I want to thank Becky O’Malley for her heartfelt, intelligent, respectful appreciation of Dona Spring (see front page). I met Dona soon after moving to California 14 years ago. We had a warm collegial relationship; I greatly admired her work, and I think she had high regard for mine. The various causes to which she committed her time and energy were and are passionate commitments for me as well, including peace and social justice, disability rights, animal rights, and defense of the oak grove and the protesters perched in its branches.
But I want to focus here on an issue to which O’Malley’s remembrance gracefully refers, an issue which seems to me to come into sharper focus as we think about and honor Dona’s life. Yes, she was a great role model, especially for those of us in the disability community who continue to struggle for our rights. O’Malley writes: “People who lack Dona’s experience (that’s most of us, after all, thank goodness) are prone to make knowing comments about the importance of ‘quality of life’ for physically challenged people. What such comments often miss is that your quality of life can and should be whatever you make of it.” I recall an editorial by O’Malley, in the wake of Terri Schiavo’s horrific death in March 2005, in which O’Malley, virtually alone among progressive commentators, took the brave position obliquely reiterated here. “There’s a clear implication,” O’Malley wrote then, “in some of these discussions [of proposed “death with dignity” bills] that the life of a disabled person is somehow lacking in dignity, no matter how much bill sponsors choose to deny it.”
Yes, one’s quality of life is what one makes of it. It seems so simple, so obvious, doesn’t it? No one else—not judges, not lawyers, not family members, not doctors, not legislators, and not the non-disabled public at large—has a right to pronounce judgment as to the “quality” of our lives. In casting the issue as a “self-determination” or “freedom of choice” (or worse, as a “right to die”—what a revealing locution!) issue, the progressive community as a whole completely ignores the uneven playing field inherent in our disability-phobic culture—the fact that our lives are NOT valued, that we are viewed by those who, as O’Malley tactfully put it, lack Dona’s experience, as objects of pity rather than as equal players. They also conveniently ignore the profit motive which drives health care in this country. Put bluntly, our medical care costs more, and our lives are worth less.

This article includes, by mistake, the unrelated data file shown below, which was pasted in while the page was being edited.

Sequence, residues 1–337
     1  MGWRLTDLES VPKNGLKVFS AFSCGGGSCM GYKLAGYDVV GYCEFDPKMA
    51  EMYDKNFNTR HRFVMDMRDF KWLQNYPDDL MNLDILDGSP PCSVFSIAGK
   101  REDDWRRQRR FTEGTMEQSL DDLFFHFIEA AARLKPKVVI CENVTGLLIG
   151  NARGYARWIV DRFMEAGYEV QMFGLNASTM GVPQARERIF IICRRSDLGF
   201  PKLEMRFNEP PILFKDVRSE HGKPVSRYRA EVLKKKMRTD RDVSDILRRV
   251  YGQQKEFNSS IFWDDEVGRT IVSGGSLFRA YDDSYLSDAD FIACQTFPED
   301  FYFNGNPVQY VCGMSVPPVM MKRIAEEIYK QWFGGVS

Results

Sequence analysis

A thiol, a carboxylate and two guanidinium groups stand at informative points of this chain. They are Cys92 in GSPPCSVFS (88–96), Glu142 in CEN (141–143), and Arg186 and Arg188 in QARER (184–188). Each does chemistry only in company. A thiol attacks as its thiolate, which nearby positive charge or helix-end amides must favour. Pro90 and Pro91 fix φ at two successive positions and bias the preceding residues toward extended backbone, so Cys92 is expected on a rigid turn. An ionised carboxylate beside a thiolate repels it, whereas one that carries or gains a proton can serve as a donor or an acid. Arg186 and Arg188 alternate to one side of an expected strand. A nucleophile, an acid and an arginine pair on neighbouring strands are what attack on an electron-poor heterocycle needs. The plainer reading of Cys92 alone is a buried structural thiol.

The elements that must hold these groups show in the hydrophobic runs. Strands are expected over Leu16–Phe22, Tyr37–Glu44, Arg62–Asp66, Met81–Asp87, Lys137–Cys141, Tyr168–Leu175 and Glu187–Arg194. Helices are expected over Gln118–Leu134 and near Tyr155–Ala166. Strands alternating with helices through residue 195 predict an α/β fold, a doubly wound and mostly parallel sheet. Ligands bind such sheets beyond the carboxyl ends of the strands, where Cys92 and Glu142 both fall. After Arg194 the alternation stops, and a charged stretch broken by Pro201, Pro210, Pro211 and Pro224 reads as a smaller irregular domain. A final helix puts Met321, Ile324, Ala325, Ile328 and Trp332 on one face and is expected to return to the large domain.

O’Malley pointed out, in her 2005 editorial, that there is an impulse, on the part of the so-called death with dignity movement, “to applaud the human tendency to say ‘I don’t want to be a burden,’ though it often arises from...low self-esteem.” What might lead a person with a disability living in 21st-century America to say to a doctor/judge/family member, Please end my life, I don’t want to be a burden? Those who “lack Dona’s experience” fail to frame this question, rushing to embrace disabled people’s “right to die”—and make no mistake, those who request assistance in committing suicide are overwhelmingly people with disabilities—without examining the factors that contribute to such despair.
Let’s envision an imaginary suicidal disabled man, and compile a checklist. If his disability is the result of injury, did he receive adequate rehabilitation following the trauma? What are the conditions of his daily life? Is he treated respectfully by the people who most impact, and hold power over, his life, and by the public in general? Is his home, and the built environment he traverses (including public transportation), accessible? Does he receive appropriate and timely medical treatment, including palliative care for pain? Does he receive the daily assistance he requires, whatever form that might take—help with eating, dressing, bathing and personal hygiene, perhaps sign language interpreters, Braille, navigational assistance, etc? Is he employed, and if so, how is he treated by his boss and coworkers, and if not, why not? Why is the unemployment rate among people with disabilities so appallingly high? (67 percent, according to the U.S. Census Bureau.) When he sank into depression and expressed the wish to end his life, did he receive counseling, or was it simply assumed that anyone with his level of disability would naturally want to die? Does he have access to any disabled role models who might juxtapose, against the soul-crushing stigma associated with disability, images of disabled people (like Dona) living strong, vital, creative lives?